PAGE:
Helping Out A Friend In Need

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Stepping in to help a friend that’s facing struggles isn’t always easy. Some people don’t like to accept help, whilst others may abuse it. Taking the following steps can help you take the appropriate action and help your friend through the tough stage their going through.

Lend an ear

Most people going through tough times may simply want a sympathetic ear to talk to. Fully understanding their issues is important before taking action to help, so arrange a time for the two of you to meet where you can listen to what’s on their mind. If they’re not opening up but you can tell there’s a problem, getting them to loosen up with a few drinks might help. Focus on what your friend is feeling and don’t immediately try to solve the problem – unless they’ve asked you specifically for your advice.

Plan a day for the two of you

Plan a date in which the two of you can go out together or alternatively have a day in. Half the pain of a struggle is the loneliness of it. Don’t make the day out about the issue at hand, instead let it serve as a relief. This will allow you to see how well your friend is coping – if they can’t stop bringing up the subject or seem reserved than you know that extra help is needed.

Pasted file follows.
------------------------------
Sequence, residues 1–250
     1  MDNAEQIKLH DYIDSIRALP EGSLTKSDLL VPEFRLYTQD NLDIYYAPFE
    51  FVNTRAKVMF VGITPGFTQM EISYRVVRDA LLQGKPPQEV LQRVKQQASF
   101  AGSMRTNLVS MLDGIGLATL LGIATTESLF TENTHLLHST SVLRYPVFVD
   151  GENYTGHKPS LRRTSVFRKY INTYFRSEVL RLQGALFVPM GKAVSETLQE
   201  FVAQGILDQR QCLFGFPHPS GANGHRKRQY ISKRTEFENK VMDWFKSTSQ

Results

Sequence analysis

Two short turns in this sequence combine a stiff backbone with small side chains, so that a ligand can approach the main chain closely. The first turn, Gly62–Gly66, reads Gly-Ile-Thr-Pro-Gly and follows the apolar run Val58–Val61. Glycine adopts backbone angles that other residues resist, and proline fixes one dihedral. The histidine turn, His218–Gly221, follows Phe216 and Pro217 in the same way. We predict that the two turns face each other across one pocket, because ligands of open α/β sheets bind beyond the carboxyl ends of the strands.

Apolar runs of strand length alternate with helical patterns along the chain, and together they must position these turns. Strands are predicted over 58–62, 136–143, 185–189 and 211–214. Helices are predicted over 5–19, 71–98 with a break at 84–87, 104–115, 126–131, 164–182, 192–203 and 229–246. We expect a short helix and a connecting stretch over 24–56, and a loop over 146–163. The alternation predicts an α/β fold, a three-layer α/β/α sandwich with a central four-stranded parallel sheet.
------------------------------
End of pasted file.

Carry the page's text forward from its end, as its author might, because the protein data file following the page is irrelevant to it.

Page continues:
Lighten the load

Lightening the load can be a great way of helping without getting too heavily involved in the issue at hand. Volunteer to look after kids, help pick up a parcel for them or invite round for dinner and cook food (useful if the struggles are also financial). Do small things that your friend won’t protest to.

Similarly, be careful of offering too much if they’re the kind of person that might use you. Cleaning up someone’s house that has a hoarding complex may temporarily fix the problem, but they may then rely on you to keep tidying when round – instead start cleaning and make some progress that may encourage them to do the rest themselves.

Help make plans

Their struggles may be causing them to not think straight or not focus on certain aspects of their lives that they should be. Be there to help make plans. Sometimes suggesting may be all you need to do. If your friend has a funeral but needs to plan a kids’ party, and you think they may have forgotten, start suggesting party plans to see if they’ve made any plans already. If they haven’t even considered it, then you may be able to step in and help plan something.
Also consider making plans to help combat their loneliness so that they’re not just relying on you. If they’re single, they may do well to get back into dating that could serve as a positive distraction if anything else. Suggest going to social events or even joining up dating sites. Online dating is now more popular than ever with specific sites for senior dating and dating people with similar interests – even if they don’t find a partner, they may meet people that leads to them growing their social circle. Also recommend joining clubs – the two of you could even join a club together.

Know when to give them space

As important as knowing when to help is knowing when to provide space. If they’re getting annoyed with you interfering, it may be time to back off. Similarly, if they’re relying on you too much, try to limit your help.

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